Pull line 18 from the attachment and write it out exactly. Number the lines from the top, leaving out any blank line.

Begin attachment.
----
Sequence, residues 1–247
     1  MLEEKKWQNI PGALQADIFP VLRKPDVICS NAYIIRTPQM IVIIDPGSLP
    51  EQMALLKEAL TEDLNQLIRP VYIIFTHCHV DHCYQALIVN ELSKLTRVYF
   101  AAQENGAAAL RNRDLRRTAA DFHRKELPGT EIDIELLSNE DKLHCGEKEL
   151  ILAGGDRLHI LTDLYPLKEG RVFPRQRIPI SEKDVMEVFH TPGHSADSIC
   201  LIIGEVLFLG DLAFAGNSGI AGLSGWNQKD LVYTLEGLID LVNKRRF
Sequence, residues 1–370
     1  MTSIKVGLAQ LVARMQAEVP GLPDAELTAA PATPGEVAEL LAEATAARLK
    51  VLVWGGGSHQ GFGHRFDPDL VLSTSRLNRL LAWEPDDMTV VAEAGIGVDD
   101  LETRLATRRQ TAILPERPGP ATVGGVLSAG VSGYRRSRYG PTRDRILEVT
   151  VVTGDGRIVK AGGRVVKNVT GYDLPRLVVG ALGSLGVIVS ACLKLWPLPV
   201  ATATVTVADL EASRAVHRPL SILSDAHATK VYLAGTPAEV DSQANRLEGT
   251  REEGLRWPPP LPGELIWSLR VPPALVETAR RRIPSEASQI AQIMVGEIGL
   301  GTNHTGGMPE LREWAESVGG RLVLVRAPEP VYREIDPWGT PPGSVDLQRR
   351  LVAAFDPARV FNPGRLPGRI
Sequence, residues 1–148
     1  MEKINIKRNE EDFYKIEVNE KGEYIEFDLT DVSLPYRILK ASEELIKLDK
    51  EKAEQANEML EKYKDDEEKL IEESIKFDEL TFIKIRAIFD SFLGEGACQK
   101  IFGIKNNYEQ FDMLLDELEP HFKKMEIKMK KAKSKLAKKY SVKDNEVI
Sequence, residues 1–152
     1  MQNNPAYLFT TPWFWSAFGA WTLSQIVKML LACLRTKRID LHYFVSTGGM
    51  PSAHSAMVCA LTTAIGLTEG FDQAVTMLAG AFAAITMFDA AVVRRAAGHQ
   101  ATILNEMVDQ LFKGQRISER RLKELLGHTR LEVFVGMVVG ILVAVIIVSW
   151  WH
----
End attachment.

    51  EKAEQANEML EKYKDDEEKL IEESIKFDEL TFIKIRAIFD SFLGEGACQK